Using Cognitive Reframing for Mental Health

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Reframing is a technique used in therapy to help create a different way of looking at a situation, person, or relationship by changing its meaning. Also referred to as cognitive reframing, it's a strategy therapists often used to help clients look at situations from a slightly different perspective.

The essential idea behind reframing is that a person's point-of-view depends on the frame it is viewed in. When the frame is shifted, the meaning changes and thinking and behavior often change along with it.

Another way to understand the concept of reframing is to imagine looking through the frame of a camera lens. The picture seen through the lens can be changed to a view that is closer or further away. By slightly changing what is seen in the camera, the picture is both viewed and experienced differently.


Reframing may be used with adults or teens to change the way they think, feel, and behave. Here are a few examples of how reframing may be used in therapy: 

Family Therapy

In a family therapy session, Carla complains bitterly that her mother is overly involved in her life, constantly nagging her about what she should be doing. In attempting to shift Carla's negative view of her mother, the therapist offers this reframe: "Isn't it loving of your mother to teach you ways to take care of yourself so you'll be prepared to live on your own without her?"

Individual Therapy

A teen in individual therapy is struggling to accept the limitations of having a chronic illness. The therapist attempts to reframe how the teen views his illness by saying, "Can you think of your illness as a built-in reminder to take care of your health throughout your life?"

A teen is upset they didn't make the basketball team. The therapist asks them what positive things could come from not making the team. The teen is able to say they will have more free time and with enough practice, they might be able to make the team next year.

A boy says his mother has ruined his life by taking away his smartphone privileges because he was caught texting while driving. A therapist talks about the dangers of texting while driving and the reasons his parents may want to teach him not to do that. Eventually, he is able to see that his mother's actions weren't meant to ruin his life, but instead, were meant to save his life.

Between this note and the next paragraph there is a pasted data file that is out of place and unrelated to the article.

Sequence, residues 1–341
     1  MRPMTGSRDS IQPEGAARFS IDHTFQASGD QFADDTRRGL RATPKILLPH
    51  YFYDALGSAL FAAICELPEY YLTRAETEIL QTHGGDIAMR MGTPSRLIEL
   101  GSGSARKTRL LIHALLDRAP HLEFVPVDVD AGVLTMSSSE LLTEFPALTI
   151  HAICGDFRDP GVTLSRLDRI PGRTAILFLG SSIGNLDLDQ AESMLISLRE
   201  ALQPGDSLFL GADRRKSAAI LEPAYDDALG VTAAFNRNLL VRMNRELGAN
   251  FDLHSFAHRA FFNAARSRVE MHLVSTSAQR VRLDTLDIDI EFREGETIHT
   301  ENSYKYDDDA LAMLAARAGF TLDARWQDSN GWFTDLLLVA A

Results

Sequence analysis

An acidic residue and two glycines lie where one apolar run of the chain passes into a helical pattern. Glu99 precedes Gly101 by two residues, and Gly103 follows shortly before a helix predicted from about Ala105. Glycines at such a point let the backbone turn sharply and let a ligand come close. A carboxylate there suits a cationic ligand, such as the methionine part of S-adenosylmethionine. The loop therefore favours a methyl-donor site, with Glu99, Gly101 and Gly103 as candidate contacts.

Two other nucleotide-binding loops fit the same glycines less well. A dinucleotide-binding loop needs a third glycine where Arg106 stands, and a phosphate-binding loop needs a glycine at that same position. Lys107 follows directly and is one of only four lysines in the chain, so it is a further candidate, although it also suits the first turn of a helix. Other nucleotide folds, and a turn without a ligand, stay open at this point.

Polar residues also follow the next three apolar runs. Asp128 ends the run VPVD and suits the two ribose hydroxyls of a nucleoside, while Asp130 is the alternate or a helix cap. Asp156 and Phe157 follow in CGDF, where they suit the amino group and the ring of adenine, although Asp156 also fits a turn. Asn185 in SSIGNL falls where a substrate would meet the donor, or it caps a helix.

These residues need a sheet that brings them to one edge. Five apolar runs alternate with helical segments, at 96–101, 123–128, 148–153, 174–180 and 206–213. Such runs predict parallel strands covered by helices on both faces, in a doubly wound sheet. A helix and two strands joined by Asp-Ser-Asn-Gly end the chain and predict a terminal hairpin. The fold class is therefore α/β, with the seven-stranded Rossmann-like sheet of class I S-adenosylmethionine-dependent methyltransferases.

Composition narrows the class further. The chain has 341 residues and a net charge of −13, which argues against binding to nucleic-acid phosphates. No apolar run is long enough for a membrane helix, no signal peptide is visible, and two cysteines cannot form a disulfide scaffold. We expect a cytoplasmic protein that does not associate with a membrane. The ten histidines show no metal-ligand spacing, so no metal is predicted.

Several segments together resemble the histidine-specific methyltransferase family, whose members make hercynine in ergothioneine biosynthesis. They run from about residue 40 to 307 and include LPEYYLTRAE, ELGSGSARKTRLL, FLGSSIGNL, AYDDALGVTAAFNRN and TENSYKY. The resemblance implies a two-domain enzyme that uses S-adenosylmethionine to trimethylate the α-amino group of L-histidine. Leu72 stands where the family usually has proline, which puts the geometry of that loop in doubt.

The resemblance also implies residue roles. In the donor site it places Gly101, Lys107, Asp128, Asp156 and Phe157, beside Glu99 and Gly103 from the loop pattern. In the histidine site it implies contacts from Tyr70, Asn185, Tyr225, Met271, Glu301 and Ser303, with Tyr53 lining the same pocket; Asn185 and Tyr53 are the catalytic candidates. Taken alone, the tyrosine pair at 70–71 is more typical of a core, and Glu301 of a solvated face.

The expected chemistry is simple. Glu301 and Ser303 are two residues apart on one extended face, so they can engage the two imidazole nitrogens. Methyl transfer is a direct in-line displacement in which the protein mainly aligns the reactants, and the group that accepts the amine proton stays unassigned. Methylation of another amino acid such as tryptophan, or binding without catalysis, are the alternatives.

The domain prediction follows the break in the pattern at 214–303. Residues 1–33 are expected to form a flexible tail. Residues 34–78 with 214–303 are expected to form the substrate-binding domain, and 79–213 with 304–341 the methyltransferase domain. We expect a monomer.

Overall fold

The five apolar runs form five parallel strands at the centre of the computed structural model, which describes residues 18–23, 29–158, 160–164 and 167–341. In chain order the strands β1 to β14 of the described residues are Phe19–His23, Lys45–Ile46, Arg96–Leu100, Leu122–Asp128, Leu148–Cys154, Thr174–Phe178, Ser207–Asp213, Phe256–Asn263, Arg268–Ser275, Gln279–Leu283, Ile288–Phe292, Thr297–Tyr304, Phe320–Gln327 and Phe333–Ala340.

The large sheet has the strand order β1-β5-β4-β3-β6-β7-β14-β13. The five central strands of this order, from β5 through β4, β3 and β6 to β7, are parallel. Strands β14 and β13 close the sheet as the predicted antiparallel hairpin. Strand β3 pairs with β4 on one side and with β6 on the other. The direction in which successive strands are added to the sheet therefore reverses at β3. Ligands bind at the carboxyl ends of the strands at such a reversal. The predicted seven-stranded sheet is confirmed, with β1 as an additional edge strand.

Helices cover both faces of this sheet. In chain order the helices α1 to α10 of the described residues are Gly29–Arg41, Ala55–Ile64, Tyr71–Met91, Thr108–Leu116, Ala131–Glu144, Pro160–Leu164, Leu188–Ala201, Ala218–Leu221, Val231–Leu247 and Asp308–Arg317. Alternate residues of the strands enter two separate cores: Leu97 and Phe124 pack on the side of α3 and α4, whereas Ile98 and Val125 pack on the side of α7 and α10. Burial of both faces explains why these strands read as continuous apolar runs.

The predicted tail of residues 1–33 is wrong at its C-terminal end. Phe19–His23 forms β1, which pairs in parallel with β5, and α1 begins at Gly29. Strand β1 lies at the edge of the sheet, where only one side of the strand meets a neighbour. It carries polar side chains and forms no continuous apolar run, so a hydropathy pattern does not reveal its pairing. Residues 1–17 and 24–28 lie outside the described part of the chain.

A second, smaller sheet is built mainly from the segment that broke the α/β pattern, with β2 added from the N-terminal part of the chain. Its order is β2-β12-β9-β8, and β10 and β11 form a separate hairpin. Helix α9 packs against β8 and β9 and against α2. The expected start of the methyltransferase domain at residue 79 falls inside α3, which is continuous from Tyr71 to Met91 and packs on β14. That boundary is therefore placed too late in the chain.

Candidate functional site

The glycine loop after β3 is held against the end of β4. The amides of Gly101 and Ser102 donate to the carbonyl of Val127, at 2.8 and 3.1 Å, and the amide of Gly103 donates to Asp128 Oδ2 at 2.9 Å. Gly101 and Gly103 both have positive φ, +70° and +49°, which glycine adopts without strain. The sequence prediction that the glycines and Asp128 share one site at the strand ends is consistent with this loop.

Reframing the Situation

While this technique is often used in therapy, it's something that you can use with your teen at home as well. With practice, your teen will learn to remind himself that his initial conclusion is only one possible explanation.

Teens often think their outlook is the only way to see a problem. If a friend didn't call back she must be mad. Or, if a teen fails a test it must mean he's stupid. Ask questions like, "Is there another way to look at this situation?" or, "What are three other possible reasons this could have happened?"

Help your teen see that there are likely dozens of potential reasons a problem exists. For example, her friend might not be returning her text messages because she's busy or because she got her phone taken away. Pointing out alternatives to your teen's insistence that her friend is angry can help her see things from another view.

You might also help her reframe the situation by saying, "Your friend may need to cool down before she talks to you because she likes you a lot and doesn't want to say something mean out of anger."

Validate your teen's feelings by saying, "I know you are nervous that she hasn't called you back. I know when I feel nervous I always imagine the worst-case scenarios but often, those things I imagine aren't even true."

You also might help your teen stay mentally strong by asking, "What would you say to a friend who had this problem?" Your teen is likely to speak to others in a kinder and more compassionate way than she talks to herself.

The goal should be to help your teen develop healthy self-talk. Eventually, she'll learn how to coach herself as she begins to recognize there are many ways to view the same situation.

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Article Sources
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Additional Reading
  • Wenzel A. Basic Strategies of Cognitive Behavioral Therapy. Psychiatric Clinics of North America. 2017;40(4):597-609.